Those lucky enough to still have a job during the pandemic are working longer days, a new study suggests.
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With many offices still operating remotely as a result of upticks in COVID-19 cases, the average workday has dragged on 48.5 minutes longer, according to a study from researchers at Harvard Business School and New York University published by the National Bureau of Economic Research.
The study analyzed employee behavior of 3.1 million people in more than 21,000 companies in 16 cities in the U.S., Europe and the Middle East eight weeks before the coronavirus pandemic-fueled lockdowns and eight weeks after. Researchers analyzed data from meetings and emails and found that the number of meetings people were joining surged around 13 percent, though the ample meetings were shorter, the study found. Workers were also firing off 1.4 more emails each day to co-workers.
Career coaches say employees working during the pandemic believe they need to perform even more since commute times are cut out, leading more workers to log on earlier than pre-COVID-19 days. And with more than 40 million Americans filing for unemployment, workers still getting paychecks feel the need to prove their worth tenfold, New York City-based career coach Roy Cohen says.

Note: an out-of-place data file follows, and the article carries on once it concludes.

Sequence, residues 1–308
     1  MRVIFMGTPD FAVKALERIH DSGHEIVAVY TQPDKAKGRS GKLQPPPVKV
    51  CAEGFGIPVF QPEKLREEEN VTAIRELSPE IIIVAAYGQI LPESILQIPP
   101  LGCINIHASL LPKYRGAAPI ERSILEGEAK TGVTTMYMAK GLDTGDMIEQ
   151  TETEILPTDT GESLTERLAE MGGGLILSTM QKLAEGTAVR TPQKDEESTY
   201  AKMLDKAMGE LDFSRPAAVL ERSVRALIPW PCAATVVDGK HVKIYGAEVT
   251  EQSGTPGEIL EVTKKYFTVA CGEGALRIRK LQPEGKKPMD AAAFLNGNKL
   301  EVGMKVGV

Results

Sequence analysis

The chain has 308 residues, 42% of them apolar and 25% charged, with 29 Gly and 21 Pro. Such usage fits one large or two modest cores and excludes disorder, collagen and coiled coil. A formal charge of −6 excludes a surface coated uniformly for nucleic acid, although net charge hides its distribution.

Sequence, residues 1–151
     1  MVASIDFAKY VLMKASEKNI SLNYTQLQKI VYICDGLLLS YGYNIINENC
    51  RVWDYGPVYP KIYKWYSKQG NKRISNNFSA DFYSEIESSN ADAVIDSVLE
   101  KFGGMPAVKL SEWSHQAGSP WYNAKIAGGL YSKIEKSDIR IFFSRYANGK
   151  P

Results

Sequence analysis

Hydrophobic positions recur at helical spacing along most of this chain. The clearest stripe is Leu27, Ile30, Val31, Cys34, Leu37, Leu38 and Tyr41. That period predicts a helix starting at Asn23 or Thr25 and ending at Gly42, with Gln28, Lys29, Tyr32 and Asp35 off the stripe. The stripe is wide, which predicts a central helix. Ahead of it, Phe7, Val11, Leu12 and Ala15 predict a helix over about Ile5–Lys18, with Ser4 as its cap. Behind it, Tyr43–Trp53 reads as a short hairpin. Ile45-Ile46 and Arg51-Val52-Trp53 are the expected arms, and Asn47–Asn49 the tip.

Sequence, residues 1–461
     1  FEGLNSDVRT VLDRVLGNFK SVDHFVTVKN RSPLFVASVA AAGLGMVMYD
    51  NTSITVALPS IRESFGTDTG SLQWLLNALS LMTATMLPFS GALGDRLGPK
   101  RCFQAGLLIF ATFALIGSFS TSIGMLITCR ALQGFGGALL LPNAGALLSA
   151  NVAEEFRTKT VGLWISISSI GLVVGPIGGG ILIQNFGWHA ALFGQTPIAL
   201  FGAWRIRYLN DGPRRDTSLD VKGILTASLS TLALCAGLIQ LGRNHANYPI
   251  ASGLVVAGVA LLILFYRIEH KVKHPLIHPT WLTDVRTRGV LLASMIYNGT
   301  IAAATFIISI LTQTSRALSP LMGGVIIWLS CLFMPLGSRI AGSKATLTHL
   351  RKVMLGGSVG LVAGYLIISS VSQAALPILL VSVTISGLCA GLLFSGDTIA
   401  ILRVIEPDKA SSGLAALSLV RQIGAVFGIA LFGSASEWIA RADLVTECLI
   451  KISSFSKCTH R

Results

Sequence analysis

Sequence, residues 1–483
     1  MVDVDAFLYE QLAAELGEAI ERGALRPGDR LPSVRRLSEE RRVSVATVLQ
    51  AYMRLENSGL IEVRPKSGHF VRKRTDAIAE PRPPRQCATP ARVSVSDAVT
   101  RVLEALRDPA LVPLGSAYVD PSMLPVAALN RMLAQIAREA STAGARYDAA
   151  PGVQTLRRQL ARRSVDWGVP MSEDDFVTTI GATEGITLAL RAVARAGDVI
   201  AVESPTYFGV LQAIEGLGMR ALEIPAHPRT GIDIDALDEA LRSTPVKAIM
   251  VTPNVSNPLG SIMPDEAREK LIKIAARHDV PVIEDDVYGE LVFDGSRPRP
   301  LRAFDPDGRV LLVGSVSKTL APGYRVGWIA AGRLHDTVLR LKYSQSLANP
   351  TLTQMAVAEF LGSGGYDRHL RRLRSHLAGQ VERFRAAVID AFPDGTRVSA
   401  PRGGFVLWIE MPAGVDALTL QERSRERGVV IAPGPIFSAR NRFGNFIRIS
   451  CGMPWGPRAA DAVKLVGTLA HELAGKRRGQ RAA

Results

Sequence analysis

“Every one of my clients is complaining that they’re working harder – the fact is a lot of people are working through the time they would be commuting or they feel like they need to be more accountable because they’re home,” Cohen said adding: “They’re feeling that they’ve got to show they’re working harder to offset this belief that they’re not engaged because they’re working off-site. There’s an element of guilt.”
Separate research suggests that the average workday for Americans specifically went from eight hours to 11 hours per day – a 40 percent increase and the biggest spike compared to any other nation, according to data from digital privacy company NordVPN. And Cohen says that could be the new normal with remote work continuing, but advises workers to carve out time to integrate work and self-care.
“Schedule in some self-care. Combine work with an activity that is yours where you’re getting exercise or you’re cooking something and you’re doing something for yourself so you can bridge work and be engaged in an activity that’s healthy for you,” Cohen says.
Indeed, employees who don’t take time to reset could end up costing their companies money in lost productivity. That can add up to between $125 billion and $190 billion a year in health care costs brought on from work-fueled stress, which comprises 8 percent of national spending on health care, according to previous research from the Harvard Business Review.